There will also be a number of other options for the stock and attachments. This will allow units to equip on the fly for the environment that they expect to do battle in and (hopefully) have the right weapon for the job at hand. Also, the integrated sight will include a number of options currently available only by adding additional equipment to M4s and M16, saving weight, cost, and training requirements. There is discussion about eliminating the three-round burst mode currently used on the M16, as well. 3-round mode was added in the 1980s when it was discovered that most riflemen were not particularly effective when using full-auto. Recent analysis suggests that additional training in the use of full-auto will get the same results, and it will allow the governor that creates the 3-round burst to be left off the weapon, reducing cost, weight, and the number of things that can break.
There is a lot of debate over the 5.56mm round. Many troops question its stopping power, especially when fired from shorter barrels like the M4 or the proposed standard barrel of the XM8. While perhaps not as much of an issue in the narrow streets and alleys of Baghdad and Tikrit, it could become an major issue in a more open setting, like the hills and mountains of North Korea. In fact, a number of reports from Afghanistan indicate that special forces units using M4 carbines were unable to effectively engage forces at times due to the range and power limitations of the shorter barrels. Perhaps an option would be to include a fourth barrel length, longer than standard but not “machinegun weight”. Another option would be to just keep one or two men in each squad with M16s as “sharpshooters”. This would dilute the advantage of using a universal infantry weapon, however. Maybe some M8s could be modified to fire the 7.62mm round, as some M16s have been. This would increase the firepower of the weapon, but, again, it would negate the commonality that the XM8 hopes to bring to our ground forces. Here is a page that discusses in depth the concerns with the 5.56 round, shorter barrels, and the new assault rifles.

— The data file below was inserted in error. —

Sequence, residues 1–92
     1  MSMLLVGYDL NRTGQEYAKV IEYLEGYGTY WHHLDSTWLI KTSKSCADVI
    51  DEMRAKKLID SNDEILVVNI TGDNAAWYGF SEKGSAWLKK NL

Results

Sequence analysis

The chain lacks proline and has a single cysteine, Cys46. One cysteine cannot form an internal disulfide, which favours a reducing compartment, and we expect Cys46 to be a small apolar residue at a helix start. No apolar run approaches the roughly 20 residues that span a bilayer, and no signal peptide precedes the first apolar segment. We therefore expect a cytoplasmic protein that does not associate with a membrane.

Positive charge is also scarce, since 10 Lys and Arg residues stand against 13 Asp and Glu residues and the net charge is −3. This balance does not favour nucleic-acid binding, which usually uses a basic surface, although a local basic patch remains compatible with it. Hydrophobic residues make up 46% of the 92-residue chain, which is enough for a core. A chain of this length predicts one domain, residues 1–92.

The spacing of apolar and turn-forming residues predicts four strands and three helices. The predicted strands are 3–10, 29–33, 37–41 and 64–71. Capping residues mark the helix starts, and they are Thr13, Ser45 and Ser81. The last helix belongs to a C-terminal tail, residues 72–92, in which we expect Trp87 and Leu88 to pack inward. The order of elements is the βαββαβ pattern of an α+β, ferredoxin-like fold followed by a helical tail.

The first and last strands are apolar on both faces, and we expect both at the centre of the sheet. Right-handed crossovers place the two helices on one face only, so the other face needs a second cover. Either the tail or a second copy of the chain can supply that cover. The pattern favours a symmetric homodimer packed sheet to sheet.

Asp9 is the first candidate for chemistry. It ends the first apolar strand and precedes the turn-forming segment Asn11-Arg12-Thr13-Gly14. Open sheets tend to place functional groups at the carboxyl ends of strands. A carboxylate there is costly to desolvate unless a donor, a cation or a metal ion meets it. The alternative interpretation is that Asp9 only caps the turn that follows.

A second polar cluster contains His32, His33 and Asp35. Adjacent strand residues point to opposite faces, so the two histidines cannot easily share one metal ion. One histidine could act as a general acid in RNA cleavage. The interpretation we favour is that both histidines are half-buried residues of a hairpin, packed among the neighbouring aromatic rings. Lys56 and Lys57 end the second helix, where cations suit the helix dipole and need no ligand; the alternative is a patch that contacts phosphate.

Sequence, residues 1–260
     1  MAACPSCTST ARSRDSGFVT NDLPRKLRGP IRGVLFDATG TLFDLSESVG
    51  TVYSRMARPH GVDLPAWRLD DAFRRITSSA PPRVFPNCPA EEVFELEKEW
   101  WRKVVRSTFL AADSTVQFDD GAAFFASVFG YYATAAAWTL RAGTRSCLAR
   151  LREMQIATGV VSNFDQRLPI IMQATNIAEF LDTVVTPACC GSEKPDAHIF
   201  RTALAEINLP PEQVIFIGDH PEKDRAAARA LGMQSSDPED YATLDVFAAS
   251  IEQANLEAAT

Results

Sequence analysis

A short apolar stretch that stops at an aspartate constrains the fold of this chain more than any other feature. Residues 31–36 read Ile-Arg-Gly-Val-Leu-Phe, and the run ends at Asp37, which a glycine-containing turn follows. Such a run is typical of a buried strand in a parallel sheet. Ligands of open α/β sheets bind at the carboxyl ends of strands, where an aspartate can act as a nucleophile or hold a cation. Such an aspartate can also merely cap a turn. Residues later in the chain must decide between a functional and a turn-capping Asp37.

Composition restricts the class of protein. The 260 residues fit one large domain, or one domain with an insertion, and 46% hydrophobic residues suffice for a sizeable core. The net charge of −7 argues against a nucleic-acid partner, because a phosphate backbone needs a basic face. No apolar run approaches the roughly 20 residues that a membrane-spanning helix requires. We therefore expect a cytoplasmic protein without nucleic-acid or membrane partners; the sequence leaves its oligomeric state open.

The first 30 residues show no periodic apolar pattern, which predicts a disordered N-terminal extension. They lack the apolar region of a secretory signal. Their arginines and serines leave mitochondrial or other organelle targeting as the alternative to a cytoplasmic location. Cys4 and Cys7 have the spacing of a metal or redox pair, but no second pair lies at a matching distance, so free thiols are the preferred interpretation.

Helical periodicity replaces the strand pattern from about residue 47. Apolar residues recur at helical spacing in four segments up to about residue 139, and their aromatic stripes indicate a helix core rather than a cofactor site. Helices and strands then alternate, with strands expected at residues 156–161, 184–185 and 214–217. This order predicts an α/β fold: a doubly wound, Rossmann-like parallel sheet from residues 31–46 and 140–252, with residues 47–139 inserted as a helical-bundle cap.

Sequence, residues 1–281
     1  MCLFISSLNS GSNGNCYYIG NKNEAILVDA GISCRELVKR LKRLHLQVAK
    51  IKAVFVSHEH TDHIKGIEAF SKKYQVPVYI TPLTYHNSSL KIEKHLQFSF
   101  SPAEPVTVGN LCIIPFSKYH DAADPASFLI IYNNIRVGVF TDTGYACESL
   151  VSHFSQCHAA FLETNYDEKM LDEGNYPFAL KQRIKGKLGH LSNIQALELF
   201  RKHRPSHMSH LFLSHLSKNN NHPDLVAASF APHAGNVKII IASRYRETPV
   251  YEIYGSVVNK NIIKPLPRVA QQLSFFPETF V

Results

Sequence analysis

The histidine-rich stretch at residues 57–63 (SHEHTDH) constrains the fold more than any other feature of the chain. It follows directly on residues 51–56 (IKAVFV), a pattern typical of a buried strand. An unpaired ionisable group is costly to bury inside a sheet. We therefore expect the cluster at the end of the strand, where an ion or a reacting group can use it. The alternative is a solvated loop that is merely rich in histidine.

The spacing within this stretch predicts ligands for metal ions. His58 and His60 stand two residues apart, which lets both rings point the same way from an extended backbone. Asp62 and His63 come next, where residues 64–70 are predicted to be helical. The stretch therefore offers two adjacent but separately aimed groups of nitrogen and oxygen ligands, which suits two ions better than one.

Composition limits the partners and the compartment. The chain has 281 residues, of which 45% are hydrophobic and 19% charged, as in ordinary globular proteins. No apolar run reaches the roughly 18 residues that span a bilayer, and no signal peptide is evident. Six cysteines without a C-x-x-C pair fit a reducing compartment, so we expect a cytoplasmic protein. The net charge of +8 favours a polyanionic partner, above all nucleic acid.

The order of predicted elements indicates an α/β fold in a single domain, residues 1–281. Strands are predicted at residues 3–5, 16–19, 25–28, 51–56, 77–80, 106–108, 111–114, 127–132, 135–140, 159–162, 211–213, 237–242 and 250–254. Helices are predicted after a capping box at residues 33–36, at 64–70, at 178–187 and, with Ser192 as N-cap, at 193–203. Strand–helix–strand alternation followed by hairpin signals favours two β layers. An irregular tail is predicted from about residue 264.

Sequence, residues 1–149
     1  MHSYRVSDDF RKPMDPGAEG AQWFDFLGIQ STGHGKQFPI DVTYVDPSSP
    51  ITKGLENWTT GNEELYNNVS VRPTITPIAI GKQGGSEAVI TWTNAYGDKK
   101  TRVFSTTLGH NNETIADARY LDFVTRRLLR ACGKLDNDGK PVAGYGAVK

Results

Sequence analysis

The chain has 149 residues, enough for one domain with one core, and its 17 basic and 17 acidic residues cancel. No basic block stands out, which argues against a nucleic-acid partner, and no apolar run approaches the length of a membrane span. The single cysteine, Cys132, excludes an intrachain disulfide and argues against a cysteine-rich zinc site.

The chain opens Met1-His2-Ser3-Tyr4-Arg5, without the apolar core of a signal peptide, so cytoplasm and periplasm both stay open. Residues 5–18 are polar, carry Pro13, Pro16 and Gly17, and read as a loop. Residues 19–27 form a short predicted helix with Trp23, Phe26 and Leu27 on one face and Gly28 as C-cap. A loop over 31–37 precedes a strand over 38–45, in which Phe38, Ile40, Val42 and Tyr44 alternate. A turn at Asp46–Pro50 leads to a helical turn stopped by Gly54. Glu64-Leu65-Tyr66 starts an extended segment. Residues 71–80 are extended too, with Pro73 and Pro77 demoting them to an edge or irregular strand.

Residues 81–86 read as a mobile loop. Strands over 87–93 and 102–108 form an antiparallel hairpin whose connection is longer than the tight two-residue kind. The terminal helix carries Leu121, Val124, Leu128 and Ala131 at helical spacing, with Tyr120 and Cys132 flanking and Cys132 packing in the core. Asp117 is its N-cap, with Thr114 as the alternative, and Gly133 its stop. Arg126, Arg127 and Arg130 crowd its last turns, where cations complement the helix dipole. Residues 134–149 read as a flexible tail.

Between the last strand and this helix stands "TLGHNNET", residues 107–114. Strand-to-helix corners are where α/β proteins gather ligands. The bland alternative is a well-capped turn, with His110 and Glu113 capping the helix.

I’m concerned that a lot of work is going into a weapon that is only a slight improvement over our current systems. Instead of throwing out over 40 years of experience with the M16 for incremental improvements in an entirely new gun system, maybe we should work to make those improvements to our current guns. I’m certainly no expert, but it seems to me that we’re investing an awful lot of time and money into this and not getting a lot of bang for the buck. At the same time, I see good value in some of the ideas the XM8 brings to the table, and am quite interested to see how it performs in tests and with the troops.
On the other hand, the XM25 25mm grenade launcher, incorporating the “smart” features of the grenade launcher on the XM29, looks like it could be the revolutionary weapon that changes the battlefield for the foot soldier. Maybe we should accelerate that program instead.